When a market begins to be saturated with products, it’s normal for a developer to have to turn to different strategies to make their product stand out from the rest. Some of these strategies include creating a product that is really different thanks to its quality, theme, innovation, or any other reason. But much more often, developers turn to marketing, communication, and public relations techniques.
Using marketing and communication in supply-saturated markets makes some products finally stand out from the others, or makes them more easily discovered by the buyer. To reach these objectives of creating visibility, one usually needs to have at hand a marketing and communications budget to pay for a team dedicated to these tasks, or at least to subcontract specialized agencies. On the other hand, many turn to purchasing ad space in different media. In any case it’s not normal to find a dedicated marketing budget in many indie development studios. This means that this is an insurmountable barrier for many developers, meaning they can’t make a living doing what they enjoy most.
The Web as an open market
With such a complex situation for indie developers, the term ‘Indiepocalypse’ began to be heard, and to generate debate in very interesting articles such as this one or this one on the Indie panorama in 2015.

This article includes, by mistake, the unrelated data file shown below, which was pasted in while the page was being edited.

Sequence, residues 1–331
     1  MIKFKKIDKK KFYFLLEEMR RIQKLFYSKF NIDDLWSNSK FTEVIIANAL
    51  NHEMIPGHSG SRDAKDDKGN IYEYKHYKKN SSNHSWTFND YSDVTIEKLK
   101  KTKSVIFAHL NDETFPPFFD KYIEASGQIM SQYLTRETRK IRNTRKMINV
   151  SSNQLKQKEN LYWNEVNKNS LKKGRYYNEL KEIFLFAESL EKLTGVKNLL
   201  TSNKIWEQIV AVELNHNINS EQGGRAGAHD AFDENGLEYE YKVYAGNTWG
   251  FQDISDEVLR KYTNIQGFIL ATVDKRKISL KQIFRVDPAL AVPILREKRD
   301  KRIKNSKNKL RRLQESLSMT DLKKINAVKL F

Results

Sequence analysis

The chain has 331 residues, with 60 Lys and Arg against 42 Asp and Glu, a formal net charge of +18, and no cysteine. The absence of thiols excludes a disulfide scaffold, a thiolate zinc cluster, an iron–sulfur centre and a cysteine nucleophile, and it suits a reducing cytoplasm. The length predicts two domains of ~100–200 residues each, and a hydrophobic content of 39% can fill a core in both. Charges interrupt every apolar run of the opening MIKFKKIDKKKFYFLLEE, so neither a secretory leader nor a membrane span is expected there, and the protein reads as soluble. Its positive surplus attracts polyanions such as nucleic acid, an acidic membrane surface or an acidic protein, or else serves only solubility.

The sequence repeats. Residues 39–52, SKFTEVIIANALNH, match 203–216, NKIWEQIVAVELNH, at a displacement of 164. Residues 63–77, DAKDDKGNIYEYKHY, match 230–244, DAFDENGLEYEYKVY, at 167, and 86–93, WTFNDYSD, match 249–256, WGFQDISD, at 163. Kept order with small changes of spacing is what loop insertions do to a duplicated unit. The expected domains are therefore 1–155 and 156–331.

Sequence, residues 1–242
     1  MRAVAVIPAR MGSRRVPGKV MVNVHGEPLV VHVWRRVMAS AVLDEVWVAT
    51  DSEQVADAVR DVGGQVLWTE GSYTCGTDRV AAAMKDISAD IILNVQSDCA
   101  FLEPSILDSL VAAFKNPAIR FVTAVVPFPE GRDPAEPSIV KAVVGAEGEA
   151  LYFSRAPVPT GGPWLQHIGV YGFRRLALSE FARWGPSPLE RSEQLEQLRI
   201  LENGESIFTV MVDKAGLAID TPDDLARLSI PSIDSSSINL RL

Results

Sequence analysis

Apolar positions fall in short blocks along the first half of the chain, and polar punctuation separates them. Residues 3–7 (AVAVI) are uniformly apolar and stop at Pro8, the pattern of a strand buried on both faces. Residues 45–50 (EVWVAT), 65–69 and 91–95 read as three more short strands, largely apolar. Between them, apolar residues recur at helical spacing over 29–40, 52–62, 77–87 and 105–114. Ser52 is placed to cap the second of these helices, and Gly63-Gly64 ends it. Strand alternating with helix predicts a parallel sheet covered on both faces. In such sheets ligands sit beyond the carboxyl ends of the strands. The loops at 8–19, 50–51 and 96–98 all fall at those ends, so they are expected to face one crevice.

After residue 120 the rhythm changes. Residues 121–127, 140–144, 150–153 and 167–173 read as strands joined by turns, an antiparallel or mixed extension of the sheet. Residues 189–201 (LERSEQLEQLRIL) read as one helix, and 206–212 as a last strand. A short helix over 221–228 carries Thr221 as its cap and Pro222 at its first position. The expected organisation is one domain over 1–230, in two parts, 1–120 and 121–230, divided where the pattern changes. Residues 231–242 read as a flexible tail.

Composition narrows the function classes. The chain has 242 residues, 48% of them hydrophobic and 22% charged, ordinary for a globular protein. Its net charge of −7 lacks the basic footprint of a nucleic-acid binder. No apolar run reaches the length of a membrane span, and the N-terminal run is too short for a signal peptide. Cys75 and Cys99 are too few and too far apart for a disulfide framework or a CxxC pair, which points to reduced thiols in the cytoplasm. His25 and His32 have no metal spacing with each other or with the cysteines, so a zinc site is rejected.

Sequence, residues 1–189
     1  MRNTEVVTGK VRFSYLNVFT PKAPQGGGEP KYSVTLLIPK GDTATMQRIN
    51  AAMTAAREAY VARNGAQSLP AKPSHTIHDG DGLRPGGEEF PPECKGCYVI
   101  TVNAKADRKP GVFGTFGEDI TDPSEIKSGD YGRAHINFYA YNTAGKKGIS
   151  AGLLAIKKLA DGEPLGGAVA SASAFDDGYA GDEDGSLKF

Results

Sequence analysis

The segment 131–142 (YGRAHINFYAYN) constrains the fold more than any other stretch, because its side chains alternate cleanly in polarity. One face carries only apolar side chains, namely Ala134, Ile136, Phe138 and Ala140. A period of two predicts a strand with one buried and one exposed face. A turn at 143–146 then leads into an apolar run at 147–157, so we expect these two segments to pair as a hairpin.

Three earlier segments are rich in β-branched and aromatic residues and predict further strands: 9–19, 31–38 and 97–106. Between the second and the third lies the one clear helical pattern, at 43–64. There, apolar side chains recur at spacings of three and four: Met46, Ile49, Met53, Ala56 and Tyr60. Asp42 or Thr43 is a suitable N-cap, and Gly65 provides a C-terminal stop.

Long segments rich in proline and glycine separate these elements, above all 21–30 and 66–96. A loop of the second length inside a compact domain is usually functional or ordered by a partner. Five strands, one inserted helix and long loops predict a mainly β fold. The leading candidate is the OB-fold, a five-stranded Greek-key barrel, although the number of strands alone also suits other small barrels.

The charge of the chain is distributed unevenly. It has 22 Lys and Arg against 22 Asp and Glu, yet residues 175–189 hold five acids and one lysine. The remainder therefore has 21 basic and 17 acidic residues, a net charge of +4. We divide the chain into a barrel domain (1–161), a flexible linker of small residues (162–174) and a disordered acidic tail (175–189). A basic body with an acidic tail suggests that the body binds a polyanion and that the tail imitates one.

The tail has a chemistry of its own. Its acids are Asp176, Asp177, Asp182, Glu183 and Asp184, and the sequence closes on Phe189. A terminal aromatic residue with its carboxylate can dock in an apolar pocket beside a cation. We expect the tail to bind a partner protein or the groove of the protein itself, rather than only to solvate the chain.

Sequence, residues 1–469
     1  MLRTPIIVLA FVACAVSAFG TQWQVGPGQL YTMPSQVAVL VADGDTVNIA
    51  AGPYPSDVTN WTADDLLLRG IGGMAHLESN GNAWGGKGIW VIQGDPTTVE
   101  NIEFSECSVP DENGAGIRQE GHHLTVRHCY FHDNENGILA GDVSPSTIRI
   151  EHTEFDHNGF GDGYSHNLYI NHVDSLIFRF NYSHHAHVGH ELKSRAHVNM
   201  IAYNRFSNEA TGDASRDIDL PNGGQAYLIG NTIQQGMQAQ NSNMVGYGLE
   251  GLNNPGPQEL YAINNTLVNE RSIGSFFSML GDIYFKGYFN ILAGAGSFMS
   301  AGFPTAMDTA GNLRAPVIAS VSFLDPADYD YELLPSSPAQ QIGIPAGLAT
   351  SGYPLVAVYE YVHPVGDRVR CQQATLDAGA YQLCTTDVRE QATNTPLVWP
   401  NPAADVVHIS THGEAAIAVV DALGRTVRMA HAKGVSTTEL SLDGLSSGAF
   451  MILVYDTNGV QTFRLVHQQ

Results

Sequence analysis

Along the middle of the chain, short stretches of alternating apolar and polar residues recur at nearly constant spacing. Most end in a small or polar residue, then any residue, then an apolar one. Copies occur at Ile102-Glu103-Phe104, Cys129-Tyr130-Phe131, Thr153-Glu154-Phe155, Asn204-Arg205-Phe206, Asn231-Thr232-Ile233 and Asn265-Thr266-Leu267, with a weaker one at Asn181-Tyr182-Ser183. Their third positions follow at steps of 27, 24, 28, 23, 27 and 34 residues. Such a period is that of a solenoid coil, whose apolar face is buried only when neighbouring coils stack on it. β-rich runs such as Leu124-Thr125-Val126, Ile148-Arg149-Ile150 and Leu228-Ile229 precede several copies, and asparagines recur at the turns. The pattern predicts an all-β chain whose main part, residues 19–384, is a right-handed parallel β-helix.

Some of the authors of these articles defend the idea that the window of opportunity for indie studios has already passed. The current panorama is much more complicated in many ways; you only have to look at the data above for app stores and Steam. They’re saying that there was an Indie bubble and it burst a few years ago.
In any case, here at WiMi5, we believe that there are still possibilities for indie developers. We believe that with HTML5, an enormous range of possibilities has opened up and that now is the time to take advantage of them.
With HTML5, you can develop games for many platforms. On the one hand, you can create native games from HTML5, as we've already explained before on our blog. But, even better, you can create web games that can be played on any device that has a web browser.
The web game market is one of those with the highest growth in the next few years. According to a report from NewZoo, China passed the US as the biggest game market in 2015, with over $22 billion in revenue. China is a market dominated by PC games (representing 68% of the total). Of that 68%, 12% corresponds to webgames, and the rest (56%) to PC/MMO games. Casual webgames represent $2.6 billion and were growing at a rate of 26% in 2015.